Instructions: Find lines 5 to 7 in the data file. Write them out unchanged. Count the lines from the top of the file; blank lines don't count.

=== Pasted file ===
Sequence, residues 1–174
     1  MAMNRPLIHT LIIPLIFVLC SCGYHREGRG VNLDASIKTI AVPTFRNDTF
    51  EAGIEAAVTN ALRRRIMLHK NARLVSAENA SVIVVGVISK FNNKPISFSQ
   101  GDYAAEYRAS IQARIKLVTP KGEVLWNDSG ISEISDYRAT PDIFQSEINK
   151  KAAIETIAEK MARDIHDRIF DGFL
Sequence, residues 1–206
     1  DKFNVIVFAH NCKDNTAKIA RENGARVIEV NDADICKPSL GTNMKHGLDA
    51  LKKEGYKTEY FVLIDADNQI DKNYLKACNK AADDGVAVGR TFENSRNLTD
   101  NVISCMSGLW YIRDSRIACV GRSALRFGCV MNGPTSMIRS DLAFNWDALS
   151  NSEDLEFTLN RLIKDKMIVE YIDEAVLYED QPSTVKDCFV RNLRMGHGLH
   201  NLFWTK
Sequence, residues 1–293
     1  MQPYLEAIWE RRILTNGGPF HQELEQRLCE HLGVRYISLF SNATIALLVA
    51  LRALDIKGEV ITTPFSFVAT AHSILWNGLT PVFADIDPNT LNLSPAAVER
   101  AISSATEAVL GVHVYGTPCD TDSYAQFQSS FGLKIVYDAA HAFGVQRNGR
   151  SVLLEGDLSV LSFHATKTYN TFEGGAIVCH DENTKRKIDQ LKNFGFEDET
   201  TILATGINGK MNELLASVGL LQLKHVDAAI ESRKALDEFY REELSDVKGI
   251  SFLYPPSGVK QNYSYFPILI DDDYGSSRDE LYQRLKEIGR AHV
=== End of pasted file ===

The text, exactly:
   151  KAAIETIAEK MARDIHDRIF DGFL
Sequence, residues 1–206
     1  DKFNVIVFAH NCKDNTAKIA RENGARVIEV NDADICKPSL GTNMKHGLDA